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in march -- we coming out of the wintertime. we normally would have a larger number of departures. even in winter, we had a lot more small boats coming out than we had expected. that, as summer went along, changed. summer, there were fewer. the factor on land -- politics play a big role in this. reporter: the political situation is personified by one itti, interiorin minister, a specialist in intelligence. his success story -- negotiating directly with the libyan navy so they stop the illegal boats. marco: the first step is the control of the libyan territorial waters. we started training the libyan
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coast guard. we brought them to train in italy, and they have graduated as sailors. we gave them for patrol boats, and by the end of the year, we six more.them since the summer, the number of migrants arriving in italy has dropped 76%. ti's tacticsm mininit are a success, but there is a darkrk side. cremonisi exposed a scscandal. he r revealed a sesecret deal between thee italian m ministryd the traffickekers. this city is known as the smugglgls' capital. lorenzi: in the walls, a lotot f facilities like weapons, guns,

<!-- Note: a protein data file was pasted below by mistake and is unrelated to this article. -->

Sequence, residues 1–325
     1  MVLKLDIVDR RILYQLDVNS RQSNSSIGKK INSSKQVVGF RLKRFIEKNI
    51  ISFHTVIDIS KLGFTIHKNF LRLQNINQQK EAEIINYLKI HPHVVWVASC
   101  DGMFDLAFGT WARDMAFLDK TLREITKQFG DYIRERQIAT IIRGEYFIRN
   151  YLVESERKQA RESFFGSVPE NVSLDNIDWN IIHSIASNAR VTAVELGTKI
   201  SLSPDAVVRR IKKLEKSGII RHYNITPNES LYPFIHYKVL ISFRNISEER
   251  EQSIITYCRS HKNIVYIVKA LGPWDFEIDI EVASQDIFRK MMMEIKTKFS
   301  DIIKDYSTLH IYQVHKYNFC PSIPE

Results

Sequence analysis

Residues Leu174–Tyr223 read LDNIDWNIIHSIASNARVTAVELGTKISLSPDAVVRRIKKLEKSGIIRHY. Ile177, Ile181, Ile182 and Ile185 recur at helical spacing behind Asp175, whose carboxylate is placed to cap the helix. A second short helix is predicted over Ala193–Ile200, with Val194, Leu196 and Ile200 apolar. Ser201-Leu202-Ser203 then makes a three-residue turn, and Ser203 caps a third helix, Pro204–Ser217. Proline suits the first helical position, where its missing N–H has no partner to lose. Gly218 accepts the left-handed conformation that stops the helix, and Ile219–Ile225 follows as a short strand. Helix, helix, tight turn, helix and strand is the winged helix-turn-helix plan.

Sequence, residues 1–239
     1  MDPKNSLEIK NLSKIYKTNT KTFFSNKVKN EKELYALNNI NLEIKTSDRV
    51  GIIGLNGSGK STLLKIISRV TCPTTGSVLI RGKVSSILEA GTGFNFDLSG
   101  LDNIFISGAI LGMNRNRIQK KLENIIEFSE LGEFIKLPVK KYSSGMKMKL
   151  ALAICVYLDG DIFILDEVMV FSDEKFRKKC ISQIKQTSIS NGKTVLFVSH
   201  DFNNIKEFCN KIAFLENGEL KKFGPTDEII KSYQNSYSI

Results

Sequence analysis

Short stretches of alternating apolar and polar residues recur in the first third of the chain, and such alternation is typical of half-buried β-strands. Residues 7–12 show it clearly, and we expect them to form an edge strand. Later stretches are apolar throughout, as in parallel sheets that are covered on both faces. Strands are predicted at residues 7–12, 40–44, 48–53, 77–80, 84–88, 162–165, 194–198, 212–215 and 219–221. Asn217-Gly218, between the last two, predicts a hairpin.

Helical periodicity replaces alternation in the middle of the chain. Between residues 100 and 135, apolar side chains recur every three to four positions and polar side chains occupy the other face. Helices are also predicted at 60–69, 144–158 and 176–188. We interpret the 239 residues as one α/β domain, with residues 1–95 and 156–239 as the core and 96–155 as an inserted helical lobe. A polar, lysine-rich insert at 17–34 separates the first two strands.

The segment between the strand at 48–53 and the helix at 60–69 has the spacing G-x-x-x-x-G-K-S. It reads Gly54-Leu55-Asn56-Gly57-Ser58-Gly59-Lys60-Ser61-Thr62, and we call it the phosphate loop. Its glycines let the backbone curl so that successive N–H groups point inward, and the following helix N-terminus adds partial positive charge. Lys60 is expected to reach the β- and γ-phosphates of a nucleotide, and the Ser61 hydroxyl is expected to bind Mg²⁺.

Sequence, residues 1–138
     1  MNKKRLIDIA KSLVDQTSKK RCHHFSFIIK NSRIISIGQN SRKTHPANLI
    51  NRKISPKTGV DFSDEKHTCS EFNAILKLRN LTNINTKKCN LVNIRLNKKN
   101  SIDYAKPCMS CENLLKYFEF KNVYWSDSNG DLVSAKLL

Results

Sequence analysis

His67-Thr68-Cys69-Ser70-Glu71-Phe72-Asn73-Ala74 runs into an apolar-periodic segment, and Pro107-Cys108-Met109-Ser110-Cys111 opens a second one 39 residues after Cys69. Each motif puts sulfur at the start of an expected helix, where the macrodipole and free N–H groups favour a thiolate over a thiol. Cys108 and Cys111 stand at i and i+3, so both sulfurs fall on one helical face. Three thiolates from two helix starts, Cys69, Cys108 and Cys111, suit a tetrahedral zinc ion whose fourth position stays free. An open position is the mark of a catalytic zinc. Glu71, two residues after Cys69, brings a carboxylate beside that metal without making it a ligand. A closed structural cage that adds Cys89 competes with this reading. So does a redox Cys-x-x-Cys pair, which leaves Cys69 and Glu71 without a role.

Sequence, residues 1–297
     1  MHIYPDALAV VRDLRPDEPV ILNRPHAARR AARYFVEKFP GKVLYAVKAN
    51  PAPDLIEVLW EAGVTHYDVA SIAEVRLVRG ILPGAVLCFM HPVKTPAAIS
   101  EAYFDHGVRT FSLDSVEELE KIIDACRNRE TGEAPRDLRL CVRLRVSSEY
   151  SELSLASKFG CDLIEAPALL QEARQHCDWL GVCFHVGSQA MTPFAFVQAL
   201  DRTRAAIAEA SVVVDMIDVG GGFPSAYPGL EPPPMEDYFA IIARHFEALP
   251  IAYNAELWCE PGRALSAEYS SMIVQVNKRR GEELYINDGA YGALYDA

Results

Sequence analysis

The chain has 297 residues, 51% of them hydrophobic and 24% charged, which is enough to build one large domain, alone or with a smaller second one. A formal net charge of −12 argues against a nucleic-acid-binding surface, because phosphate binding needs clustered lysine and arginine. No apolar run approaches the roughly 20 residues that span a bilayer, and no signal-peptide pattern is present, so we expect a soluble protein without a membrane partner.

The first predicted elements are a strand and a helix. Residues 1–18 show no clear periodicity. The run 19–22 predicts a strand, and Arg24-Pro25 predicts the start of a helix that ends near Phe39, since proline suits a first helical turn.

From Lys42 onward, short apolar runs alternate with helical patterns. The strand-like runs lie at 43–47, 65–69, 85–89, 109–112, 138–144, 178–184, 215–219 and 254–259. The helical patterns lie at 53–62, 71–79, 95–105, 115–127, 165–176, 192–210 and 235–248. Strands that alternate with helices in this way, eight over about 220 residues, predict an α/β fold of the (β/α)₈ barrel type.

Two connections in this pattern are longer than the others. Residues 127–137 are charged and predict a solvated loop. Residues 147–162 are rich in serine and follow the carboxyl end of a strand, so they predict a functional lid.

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with human italian help to wowo. eurososvery month. but actualally, we understood at the beginning -- we understood was 5 walls that it million every month, 5 million euros every month, paid by the italians to the group. annette: the russian olympic committee is going to support russian athletes who choose to compete in next year's winter games in south korea. the international olympic committee last week banning russia from the games due to take place in pyeongchang in february because of what it called unprecedented systematic manipulation of the anti-doping system. it did leave the door open for clean athletes to compete as neutrals. correspondent thomas low has more.